Meet Supply Chain 2010


    GRAND RAPIDS — In 2006, the Eli Broad School of Management at MichiganStateUniversity began a comprehensive study to examine the future of supply chain management. Through a lengthy supply chain audit of Delphi Corp., the multibillion-dollar automotive supplier, and dozens of interviews with academics and companies such as Kellogg’s, British Petroleum and Harley Davidson, the school, one of the nation’s top two supply chain programs, determined what it believed to be an accurate prediction for supply chain management circa 2010.

    “What we found is that the supply chain is not going to be about buying things. It will be about managing relationships,” said Steven Melnyk, MSU professor of operations and supply chain management, during a presentation at last week’s Midwest Supply Chain Management Conference and Exposition at SteelcaseUniversity

    The study found a significant difference in what the industry values today and what practitioners expect will be important five years from now. According to the study, the largest concerns today, in order, are avoiding disruptions, on-time delivery and leadership — evidence of a tactical approach to supply chain management, primarily driven by cost.

    Concerns in the next decade will likely be intellectual property protection, process development, managing supplier relationships, trust, talent retention and raw material costs — issues better suited to a strategic supply chain model.

    “The supply chain we’re now facing is strategic. … Innovation is going to be the next battlefield,” he said. “And we’ve only really just glimpsed supply chain innovation.”

    While easier said than done, the MSU study suggests that companies should concentrate less on cutting cost out of their supply chain and more on creating radical innovation. In support of this, he noted that the stock of publicly traded companies identified as supply chain innovators almost always performs better than their competitors’ stock.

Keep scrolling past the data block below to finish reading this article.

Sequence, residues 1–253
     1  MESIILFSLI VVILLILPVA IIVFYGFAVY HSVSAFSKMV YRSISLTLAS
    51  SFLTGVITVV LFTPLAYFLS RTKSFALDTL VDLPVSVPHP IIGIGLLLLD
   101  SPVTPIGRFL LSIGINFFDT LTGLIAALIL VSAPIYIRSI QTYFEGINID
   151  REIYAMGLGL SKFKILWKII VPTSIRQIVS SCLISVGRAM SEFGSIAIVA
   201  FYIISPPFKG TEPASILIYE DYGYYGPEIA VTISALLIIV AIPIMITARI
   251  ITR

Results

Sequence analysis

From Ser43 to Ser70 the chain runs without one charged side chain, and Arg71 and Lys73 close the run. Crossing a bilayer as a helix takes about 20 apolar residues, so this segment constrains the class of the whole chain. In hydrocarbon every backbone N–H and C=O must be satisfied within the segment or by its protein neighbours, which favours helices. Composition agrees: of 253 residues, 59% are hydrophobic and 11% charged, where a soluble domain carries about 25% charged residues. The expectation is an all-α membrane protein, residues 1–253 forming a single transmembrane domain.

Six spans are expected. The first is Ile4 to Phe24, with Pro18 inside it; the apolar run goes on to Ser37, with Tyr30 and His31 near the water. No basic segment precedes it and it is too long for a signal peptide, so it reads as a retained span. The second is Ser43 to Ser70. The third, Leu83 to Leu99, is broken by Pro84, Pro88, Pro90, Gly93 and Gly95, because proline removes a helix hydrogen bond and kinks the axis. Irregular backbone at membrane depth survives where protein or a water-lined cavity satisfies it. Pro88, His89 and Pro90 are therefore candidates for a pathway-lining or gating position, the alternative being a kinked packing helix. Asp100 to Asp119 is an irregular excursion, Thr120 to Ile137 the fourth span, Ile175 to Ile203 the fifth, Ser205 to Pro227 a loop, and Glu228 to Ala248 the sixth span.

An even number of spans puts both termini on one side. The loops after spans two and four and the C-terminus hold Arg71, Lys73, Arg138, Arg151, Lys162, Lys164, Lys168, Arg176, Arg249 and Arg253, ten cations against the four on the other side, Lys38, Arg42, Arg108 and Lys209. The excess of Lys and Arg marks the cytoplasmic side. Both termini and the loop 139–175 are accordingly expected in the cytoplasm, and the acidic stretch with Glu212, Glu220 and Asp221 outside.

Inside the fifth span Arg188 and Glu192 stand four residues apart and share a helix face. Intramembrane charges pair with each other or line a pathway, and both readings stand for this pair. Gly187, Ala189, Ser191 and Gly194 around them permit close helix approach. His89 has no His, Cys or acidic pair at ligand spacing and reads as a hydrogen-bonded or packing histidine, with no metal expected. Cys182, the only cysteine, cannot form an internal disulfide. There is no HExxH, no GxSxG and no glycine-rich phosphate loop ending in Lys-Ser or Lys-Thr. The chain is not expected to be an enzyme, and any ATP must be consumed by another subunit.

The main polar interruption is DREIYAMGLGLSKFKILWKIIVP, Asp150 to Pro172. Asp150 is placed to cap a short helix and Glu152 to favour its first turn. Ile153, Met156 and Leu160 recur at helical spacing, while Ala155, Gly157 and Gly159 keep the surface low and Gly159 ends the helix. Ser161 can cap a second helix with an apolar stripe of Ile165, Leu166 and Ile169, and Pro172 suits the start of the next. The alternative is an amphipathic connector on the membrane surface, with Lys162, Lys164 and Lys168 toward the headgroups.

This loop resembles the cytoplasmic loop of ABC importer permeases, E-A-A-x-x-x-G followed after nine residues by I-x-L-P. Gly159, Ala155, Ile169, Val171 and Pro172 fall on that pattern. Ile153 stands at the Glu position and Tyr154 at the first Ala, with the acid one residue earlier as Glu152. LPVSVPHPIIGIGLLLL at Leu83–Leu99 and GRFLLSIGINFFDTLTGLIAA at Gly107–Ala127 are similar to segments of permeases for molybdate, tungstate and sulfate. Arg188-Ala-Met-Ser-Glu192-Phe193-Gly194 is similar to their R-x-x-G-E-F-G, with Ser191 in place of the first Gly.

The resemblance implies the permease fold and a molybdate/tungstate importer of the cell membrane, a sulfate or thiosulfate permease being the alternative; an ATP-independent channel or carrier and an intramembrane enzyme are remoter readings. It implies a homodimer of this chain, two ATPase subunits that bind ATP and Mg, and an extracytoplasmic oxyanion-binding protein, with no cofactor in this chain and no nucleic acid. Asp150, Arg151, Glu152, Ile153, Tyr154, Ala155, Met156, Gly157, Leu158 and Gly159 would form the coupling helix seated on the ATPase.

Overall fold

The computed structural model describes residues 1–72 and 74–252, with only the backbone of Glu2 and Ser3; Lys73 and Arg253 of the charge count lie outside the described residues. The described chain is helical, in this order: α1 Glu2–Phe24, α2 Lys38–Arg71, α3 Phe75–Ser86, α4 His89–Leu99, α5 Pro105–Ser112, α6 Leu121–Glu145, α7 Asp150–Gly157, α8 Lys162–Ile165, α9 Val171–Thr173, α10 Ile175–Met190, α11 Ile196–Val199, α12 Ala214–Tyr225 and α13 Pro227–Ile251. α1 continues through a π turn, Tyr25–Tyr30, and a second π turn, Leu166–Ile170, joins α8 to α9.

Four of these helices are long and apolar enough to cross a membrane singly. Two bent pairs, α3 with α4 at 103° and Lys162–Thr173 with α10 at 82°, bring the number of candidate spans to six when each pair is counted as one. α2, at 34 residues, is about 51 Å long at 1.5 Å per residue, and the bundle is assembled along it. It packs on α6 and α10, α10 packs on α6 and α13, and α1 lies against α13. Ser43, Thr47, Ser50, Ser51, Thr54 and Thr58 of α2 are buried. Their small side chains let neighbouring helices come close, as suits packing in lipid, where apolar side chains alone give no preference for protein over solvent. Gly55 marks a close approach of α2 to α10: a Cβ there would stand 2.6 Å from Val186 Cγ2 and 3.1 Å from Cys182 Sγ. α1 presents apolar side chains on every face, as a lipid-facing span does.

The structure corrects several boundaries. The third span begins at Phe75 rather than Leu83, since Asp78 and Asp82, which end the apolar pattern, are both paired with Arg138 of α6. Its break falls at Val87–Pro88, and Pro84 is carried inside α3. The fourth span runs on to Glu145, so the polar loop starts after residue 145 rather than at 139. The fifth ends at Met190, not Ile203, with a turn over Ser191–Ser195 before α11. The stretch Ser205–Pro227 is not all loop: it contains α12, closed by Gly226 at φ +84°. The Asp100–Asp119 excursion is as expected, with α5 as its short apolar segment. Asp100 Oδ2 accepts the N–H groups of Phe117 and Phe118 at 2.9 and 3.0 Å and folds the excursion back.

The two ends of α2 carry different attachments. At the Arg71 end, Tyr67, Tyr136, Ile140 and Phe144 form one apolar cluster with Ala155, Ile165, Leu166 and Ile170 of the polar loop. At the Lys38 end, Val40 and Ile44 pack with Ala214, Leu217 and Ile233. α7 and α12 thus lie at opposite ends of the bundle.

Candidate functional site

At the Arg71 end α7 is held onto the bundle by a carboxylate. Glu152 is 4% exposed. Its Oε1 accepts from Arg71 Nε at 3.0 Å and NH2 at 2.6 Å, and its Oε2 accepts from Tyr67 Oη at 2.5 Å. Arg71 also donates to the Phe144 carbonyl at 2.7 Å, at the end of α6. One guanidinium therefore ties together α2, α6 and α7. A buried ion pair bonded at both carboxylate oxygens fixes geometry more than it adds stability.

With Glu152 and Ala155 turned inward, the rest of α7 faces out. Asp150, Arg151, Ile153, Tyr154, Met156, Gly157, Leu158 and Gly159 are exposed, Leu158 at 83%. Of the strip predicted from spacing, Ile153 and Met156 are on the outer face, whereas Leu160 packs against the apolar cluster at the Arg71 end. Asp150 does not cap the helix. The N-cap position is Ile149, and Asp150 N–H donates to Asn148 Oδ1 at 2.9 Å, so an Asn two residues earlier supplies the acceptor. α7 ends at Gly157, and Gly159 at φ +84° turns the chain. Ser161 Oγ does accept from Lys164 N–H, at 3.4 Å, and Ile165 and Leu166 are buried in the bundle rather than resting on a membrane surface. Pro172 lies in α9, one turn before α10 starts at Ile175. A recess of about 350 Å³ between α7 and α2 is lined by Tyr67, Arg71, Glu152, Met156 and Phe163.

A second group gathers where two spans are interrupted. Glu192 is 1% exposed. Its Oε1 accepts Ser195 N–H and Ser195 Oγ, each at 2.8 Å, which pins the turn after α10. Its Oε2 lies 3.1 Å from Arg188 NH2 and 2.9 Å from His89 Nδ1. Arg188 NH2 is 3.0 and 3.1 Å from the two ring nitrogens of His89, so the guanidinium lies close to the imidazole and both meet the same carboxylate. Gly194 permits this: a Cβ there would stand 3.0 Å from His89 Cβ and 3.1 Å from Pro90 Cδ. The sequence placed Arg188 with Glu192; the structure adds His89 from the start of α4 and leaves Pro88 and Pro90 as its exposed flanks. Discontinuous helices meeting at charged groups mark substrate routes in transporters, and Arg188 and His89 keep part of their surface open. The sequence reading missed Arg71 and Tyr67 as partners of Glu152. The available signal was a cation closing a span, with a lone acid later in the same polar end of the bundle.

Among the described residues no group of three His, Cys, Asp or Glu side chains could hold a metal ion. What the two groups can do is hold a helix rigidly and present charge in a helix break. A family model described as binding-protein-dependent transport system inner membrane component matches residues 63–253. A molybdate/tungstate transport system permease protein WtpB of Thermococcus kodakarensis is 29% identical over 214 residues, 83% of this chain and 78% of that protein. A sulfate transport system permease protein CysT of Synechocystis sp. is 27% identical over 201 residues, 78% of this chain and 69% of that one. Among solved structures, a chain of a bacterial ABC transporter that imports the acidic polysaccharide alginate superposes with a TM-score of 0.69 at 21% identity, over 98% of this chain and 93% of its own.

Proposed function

Examples include Wal-Mart, the streamlined retail giant that mined its then 460 terabyte database (roughly twice the size of the World Wide Web) to accurately predict that strawberry Pop Tarts and beer would be the top-selling items in Florida’s 2004 hurricane disaster zone. Apple’s iconic iPod was largely designed by its suppliers. Toyota cornered the hybrid engine supplier base at the expense of the Big 3 automakers.

    The study also produced a controversial suggestion for companies to accomplish the strategic model. “There are some supply network paradoxes here, and you’re going to need some talented people to sell it to management,” Melnyk said “There is something wrong with a supply chain where suppliers are going bankrupt. Innovation is more important than cutting costs. And, unfortunately, you cannot have radical innovation in a lean system. You need slack for radical innovation. … Lean is out.”

    To a large degree, Melnyk explained, today’s supply chain systems are not lean at all, but fragile. “If it works right, it’s great,” he said. “But if one link is upset, it all falls apart.”

    On several levels, the study suggested the largest threat to a resilient supply chain is China. Sourcing product from China produced disastrous results for many of the responding companies. Those results included late or lost cargo, improper specifications and blatant piracy. One Fortune 500 company was convinced that within five years, China — which today exports roughly 90 percent of its production — will reach a trade balance. Within 10 to 20 years, when potentially 750 million Chinese adults between the ages of 20 to 40 create history’s largest buying power, that imbalance could be reversed.

    “What will happen when China becomes a net importer?” Melnyk asked. “There is barely any infrastructure there. The Chinese railroad system is equal in sophistication to the U.S. in 1861. … At capacity, they could take up to 70 percent of the world’s steel production.”

    U.S. raw material procurement has already felt a significant impact from the growth of the Chinese economy. In the coming years, that is only likely to get worse.

    “The green movement is going to take hold even more in the supply chain,” Melnyk said. “Packaging is going to be revolutionized or eliminated. We’re going to have to figure out ways to recycle everything. And it’s got nothing to do with being green — it’s because you’re going to have to compete for your raw materials.”

    Earlier in the day, keynote speaker Christopher Olesky, president of ATEK Companies, mirrored Melnyk’s comments, suggesting that the key to supply chain success will be finding opportunity in collaboration and supplier relationships.    

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